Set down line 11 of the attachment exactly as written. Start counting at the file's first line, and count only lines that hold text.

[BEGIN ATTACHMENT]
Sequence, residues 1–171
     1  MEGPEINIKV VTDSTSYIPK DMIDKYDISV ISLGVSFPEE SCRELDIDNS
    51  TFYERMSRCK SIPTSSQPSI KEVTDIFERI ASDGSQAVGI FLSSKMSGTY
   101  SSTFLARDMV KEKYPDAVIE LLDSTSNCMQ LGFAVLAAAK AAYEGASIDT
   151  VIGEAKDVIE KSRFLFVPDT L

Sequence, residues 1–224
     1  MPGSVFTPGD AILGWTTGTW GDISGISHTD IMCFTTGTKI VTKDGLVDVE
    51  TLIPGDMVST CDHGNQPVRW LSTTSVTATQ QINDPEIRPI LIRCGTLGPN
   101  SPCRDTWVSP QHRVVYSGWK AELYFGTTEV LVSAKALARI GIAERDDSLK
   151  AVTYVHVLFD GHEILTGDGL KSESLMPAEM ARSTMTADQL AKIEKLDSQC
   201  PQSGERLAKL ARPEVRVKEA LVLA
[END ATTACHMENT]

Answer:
   201  PQSGERLAKL ARPEVRVKEA LVLA